When Yana Ibrasheva arrived on Nantucket after traveling halfway around the world from Kazakhstan, one of her biggest questions was how she was going to get to work.
“One of the most important things on this island is transportation,” said Ibrasheva, who is working at Jack & Charlie's ice cream shop and the Brotherhood of Thieves this summer.
And transportation isn’t easy to come by. Ibrasheva, visiting the United States on a J1, or exchange student visa, couldn’t afford to buy a bicycle on island, and Nantucket’s buses often run late, which could mean arriving to work late as well.
But then, one of her colleagues told her about St. Paul’s church.
Over the last several summers, St. Paul’s church has shared bicycles with the island’s J1 visa students completely free of charge, a sort of bicycle lending library that has quadrupled in size since it began. Today, St Paul’s has 40 bicycles, all of them in circulation, and a waitlist of another 10 students.
“We’re still trying to get bicycles,” the Rev. Max Wolf, St Paul’s priest, said.
For the students, the program is life-changing.
“For me, it was just a really, really good opportunity to take. It was just unbelievable that someone could give me a bike for the whole summer just for free,” Ibrasheva said. “[My colleagues and I] are living two miles from our job, and for us, our lives became so much easier with bicycles. We are using them every day, going to our job, going to the beach, going to any place on-island.”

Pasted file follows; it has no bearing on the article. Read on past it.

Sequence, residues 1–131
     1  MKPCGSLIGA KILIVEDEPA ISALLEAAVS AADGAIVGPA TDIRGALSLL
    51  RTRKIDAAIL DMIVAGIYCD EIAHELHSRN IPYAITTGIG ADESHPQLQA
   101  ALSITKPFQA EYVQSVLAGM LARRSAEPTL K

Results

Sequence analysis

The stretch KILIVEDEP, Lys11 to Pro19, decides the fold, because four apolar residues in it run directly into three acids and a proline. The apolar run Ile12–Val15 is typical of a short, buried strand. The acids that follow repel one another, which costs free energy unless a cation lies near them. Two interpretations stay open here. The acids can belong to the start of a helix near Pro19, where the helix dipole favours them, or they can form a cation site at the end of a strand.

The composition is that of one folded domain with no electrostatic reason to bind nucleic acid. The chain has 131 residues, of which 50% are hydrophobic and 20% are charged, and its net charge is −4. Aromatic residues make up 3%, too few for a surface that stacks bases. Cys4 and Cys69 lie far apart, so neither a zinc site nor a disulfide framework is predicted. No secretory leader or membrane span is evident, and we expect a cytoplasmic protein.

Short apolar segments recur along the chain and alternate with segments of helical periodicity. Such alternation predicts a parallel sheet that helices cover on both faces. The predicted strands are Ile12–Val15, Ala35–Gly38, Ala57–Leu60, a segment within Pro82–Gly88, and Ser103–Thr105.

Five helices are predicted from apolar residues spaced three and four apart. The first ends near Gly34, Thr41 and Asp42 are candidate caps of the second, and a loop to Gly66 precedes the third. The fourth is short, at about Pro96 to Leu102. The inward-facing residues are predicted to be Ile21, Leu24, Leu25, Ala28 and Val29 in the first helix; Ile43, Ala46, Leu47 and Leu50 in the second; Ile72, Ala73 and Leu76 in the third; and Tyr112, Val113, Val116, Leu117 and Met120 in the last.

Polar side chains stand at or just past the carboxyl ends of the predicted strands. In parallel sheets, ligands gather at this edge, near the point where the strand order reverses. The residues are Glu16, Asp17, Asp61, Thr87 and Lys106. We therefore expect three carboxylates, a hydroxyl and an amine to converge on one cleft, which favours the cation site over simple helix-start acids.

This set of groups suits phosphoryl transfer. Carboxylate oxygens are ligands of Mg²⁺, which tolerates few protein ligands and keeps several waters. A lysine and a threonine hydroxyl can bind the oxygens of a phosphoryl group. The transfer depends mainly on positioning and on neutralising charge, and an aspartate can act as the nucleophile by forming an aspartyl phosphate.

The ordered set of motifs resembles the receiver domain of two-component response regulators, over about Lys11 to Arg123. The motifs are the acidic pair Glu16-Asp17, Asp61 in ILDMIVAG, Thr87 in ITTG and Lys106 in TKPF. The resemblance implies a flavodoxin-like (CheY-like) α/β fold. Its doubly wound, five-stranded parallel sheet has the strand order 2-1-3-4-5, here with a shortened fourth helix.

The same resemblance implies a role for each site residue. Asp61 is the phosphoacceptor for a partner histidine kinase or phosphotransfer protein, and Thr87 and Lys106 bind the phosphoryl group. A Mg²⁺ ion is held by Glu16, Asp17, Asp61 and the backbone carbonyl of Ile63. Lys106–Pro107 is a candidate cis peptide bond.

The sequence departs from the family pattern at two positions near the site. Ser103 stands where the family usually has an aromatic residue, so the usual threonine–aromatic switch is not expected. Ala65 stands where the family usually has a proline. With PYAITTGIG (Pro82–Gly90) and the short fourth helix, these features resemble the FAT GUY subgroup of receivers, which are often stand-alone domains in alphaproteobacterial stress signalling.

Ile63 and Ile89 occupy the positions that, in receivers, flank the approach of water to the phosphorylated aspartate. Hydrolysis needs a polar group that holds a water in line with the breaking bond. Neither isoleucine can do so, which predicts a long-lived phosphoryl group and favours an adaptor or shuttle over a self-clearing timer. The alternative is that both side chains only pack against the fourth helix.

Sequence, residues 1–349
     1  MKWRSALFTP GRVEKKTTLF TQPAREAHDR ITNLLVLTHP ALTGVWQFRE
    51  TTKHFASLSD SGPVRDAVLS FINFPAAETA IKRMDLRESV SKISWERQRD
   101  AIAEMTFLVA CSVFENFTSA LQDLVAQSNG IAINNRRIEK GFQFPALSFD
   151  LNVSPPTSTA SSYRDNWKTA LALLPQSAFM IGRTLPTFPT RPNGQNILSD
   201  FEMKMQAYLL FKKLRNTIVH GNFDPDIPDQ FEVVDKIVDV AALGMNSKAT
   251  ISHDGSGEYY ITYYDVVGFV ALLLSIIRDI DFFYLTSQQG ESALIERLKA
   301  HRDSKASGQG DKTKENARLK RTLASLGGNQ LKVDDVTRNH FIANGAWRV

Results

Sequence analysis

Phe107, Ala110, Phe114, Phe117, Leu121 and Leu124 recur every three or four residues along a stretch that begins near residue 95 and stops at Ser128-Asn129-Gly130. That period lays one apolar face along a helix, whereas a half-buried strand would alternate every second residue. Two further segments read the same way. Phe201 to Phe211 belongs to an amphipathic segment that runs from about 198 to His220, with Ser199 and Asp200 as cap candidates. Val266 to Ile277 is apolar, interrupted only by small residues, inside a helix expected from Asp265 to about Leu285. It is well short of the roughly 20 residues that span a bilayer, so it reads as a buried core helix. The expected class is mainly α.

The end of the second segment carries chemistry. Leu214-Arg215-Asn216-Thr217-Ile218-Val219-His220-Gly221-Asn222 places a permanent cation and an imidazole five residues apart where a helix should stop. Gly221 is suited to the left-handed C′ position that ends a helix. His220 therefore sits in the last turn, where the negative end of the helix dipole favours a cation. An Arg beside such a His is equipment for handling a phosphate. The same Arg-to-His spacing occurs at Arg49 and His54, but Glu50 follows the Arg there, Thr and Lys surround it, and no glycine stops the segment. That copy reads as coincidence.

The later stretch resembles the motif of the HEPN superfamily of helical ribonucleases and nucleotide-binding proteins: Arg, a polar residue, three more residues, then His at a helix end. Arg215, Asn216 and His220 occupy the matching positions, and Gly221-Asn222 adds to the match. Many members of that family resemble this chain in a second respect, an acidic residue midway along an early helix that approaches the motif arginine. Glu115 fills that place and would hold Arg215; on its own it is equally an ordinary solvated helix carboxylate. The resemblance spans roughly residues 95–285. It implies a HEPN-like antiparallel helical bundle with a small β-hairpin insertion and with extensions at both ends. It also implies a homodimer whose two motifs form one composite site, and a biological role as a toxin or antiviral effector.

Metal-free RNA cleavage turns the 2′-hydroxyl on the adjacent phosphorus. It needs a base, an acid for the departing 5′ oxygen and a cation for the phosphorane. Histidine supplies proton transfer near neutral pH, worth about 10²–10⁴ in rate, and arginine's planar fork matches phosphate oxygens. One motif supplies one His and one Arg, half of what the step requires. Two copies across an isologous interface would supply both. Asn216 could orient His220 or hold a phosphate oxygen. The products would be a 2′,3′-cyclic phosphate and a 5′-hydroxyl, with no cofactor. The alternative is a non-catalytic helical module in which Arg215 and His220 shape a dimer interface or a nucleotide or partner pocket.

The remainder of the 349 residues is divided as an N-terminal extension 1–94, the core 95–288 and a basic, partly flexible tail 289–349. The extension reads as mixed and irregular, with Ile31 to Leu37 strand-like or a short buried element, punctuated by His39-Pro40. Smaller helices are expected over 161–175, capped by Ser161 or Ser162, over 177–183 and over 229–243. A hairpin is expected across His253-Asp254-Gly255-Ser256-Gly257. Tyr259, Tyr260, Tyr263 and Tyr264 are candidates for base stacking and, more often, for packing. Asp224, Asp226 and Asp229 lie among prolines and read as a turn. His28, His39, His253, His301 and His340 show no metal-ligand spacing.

Cvita Banic, another student who received a bike through the program, agreed.
“It impacted me so much because now I can go wherever I want,” said Banic, who is working at Stop & Shop this summer. “I'm very thankful for Fr. Max and his church. He doesn't want anything in return.”
Emry Kechagia had much the same experience.
“It really made our lives easier,” he said. “It doesn't really matter where you’re from or what your beliefs are. They just gave us the bikes.”
Most of the students didn’t hear about the program from St Paul’s. Instead, they heard from colleagues and roommates who had borrowed a bicycle before, an informal network spreading word of the program across the island.
Banic, visiting the island from Croatia, is one of the central nodes of that network—though she never really meant to be. She has referred more than half a dozen students to the church, including all of her roommates.
“All of our house has a bike now,” she laughed.
The program doesn’t just provide bicycles. Sheriff Jim Perelman supplies helmets and locks to the students, and St. Paul’s verger Curtis Barnes supplies lights. St. Paul’s also gives the students tips for riding at night and safety advice.
“We try to keep them safe,” Wolf said.
Over the winter, St. Paul’s stores the bicycles, and many students come back the next summer and request the same bike.
“I am planning to come again next summer, and, of course, I will come to St. Paul’s church,” Ibrasheva said.
For St. Paul’s, the program is a good way to help the students feel welcome on-island and foster a sense of community. But it’s more than that, as well.
“Maybe most importantly it’s a form of diplomacy,” Wolf said. “There could be some confusion internationally about who we are.”
If it’s meant to be diplomacy, it’s working.
“We’ve received texts from parents in foreign countries saying thank you,” Wolf said. “We’ve even received gifts from Ireland from people thanking us.”
Wolf’s one regret is the waiting list. St. Paul’s is accepting donations for the program and hopes to expand it to cover all J1 visa students who want a bicycle.